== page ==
UNIDENTIFIED MALE: The ayes to the right, 202; the nos to the left 432. So the nos have it.

THERESA MAY, BRITISH PRIME MINISTER: Mr. Speaker, the House passed vote and now the government will listen.

Every day that passes without this issue being resolved means more uncertainty, more bitterness, and more rancor. The government have heard what the House has said tonight.

But I ask members on all sides of the house to listen to the British people who want this issue settled and to work with the government to do just that.

JEREMY CORBYN, LABOUR PARTY LEADER: The results of tonight's vote is the greatest defeat for a government since the 1920s in this House. This is a catastrophic defeat for this government. After two years of failed negotiations, the House of Commons has delivered its verdict on her Brexit deal and that verdict is absolutely decisive.


FOSTER: I'm joined now by two anti-Brexit campaigners from Our Future Our Choice -- Will Dry, the group's co-founder and Femi Oluwole, the group's chief spokesperson. They're tough. They don't wear coats. It's dawn here. It's freezing cold.


FOSTER: Exactly.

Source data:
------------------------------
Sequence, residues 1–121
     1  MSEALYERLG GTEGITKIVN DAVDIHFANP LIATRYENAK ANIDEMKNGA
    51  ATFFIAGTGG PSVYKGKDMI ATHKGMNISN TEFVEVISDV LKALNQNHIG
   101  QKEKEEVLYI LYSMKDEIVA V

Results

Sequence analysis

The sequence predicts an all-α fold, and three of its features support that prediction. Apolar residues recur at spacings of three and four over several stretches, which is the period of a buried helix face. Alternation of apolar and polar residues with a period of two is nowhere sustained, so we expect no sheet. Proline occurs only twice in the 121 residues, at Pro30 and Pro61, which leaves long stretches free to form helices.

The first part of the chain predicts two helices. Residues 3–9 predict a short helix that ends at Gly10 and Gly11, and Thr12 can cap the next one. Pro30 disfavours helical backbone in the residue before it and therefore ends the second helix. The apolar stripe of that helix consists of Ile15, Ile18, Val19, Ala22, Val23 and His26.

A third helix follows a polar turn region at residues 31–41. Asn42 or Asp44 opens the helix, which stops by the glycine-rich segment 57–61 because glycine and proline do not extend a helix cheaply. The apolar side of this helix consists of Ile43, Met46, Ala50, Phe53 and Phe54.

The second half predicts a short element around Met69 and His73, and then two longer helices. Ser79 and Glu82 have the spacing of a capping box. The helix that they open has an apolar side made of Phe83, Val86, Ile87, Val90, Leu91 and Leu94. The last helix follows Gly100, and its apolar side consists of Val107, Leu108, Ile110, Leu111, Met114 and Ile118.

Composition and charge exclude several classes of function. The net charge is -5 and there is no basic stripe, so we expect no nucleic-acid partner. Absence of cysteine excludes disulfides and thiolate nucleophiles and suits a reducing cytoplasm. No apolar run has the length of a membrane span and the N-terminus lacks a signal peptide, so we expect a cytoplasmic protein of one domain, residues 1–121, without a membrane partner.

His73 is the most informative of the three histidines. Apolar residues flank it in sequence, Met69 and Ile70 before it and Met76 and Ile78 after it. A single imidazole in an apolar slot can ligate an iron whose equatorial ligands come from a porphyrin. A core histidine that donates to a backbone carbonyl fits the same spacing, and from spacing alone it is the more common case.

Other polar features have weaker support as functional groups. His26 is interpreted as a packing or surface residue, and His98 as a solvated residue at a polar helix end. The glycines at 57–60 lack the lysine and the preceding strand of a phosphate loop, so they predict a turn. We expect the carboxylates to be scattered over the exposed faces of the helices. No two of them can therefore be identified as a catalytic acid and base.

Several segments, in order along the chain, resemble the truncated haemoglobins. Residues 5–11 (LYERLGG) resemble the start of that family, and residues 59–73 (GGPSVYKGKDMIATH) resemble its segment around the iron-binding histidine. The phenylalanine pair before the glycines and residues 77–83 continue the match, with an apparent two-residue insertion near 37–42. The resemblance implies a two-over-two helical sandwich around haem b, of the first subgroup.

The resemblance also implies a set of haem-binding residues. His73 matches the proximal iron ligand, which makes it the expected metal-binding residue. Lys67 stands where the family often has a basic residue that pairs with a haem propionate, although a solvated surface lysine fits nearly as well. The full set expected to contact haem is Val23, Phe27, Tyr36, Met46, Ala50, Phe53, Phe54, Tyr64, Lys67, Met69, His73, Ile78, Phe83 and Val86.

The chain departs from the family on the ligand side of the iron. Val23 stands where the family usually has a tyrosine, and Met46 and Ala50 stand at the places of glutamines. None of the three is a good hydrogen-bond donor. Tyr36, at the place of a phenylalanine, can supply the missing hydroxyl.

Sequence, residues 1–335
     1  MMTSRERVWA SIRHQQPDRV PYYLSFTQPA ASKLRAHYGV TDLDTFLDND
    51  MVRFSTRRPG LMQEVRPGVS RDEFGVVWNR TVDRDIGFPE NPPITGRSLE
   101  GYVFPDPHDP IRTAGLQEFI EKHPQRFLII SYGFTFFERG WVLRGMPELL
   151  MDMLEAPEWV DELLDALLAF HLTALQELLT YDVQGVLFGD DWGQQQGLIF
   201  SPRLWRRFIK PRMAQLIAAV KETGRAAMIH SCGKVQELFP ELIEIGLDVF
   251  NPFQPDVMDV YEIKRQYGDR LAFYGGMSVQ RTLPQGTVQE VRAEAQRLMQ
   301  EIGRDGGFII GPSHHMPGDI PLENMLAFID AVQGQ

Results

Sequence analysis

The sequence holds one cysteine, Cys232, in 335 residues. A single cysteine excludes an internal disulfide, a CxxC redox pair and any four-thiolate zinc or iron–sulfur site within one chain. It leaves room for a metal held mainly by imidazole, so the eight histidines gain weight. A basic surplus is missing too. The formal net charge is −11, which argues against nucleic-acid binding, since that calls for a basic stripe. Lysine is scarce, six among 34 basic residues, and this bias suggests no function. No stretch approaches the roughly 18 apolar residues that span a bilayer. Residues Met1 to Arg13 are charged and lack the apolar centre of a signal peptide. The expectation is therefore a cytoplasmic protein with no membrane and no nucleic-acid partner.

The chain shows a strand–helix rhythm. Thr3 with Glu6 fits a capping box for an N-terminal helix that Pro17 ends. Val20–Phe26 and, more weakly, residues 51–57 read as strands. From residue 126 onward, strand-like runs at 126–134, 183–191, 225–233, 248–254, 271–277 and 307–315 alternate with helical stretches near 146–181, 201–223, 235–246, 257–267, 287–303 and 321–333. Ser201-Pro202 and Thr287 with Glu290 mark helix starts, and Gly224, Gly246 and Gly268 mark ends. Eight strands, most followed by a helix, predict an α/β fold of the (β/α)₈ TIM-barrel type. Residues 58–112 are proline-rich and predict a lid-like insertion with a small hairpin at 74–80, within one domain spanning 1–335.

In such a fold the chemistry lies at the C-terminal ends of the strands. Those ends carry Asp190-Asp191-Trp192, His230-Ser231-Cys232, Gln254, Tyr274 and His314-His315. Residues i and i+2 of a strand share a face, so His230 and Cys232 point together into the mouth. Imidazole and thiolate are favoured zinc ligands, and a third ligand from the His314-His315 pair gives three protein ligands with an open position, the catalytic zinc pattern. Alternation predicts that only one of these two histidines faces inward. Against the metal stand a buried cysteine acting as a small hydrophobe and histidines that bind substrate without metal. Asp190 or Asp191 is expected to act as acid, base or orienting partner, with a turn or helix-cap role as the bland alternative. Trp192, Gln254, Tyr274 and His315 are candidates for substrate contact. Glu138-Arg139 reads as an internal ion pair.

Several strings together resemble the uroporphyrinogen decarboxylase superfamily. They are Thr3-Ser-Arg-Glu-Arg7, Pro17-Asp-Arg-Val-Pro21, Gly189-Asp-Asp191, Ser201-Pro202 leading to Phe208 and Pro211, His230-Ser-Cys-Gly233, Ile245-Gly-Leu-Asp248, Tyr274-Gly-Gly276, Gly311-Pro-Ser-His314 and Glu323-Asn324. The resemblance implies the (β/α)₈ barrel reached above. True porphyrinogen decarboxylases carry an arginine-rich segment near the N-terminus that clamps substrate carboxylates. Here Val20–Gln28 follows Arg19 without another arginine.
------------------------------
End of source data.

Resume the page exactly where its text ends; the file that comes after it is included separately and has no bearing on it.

But the glow of energy down here, you're out at the rallies yesterday. What is your response initially to that vote?

WILL DRY, CO-FOUNDER, OUR FUTURE OUR CHOICE: Well, I think the reality is NOW we're going to go for a series of votes in the House of Commons. But I think it's going to end up with the people.

So today there's going to be a vote of no confidence in Theresa May. The Labour Party needs to go figure that so that they can explore other options. The primary one being a public vote. I think that's where they'll end up.

And I think what we're going to see is that parliament couldn't find a majority to Theresa May's deal. In fact Theresa May still got hammered. Is it going to be out to find a majority for any other Brexit deal? I don't think so.


DRY: I don't see how kind of one collective mind at all so I don't see how it's going to be able to negotiate one in less than a month when Theresa May had two years.

So we're going to end up with gridlock and if parliament can't make a decision, then the people are going to have to. And that's why we demand a people's vote.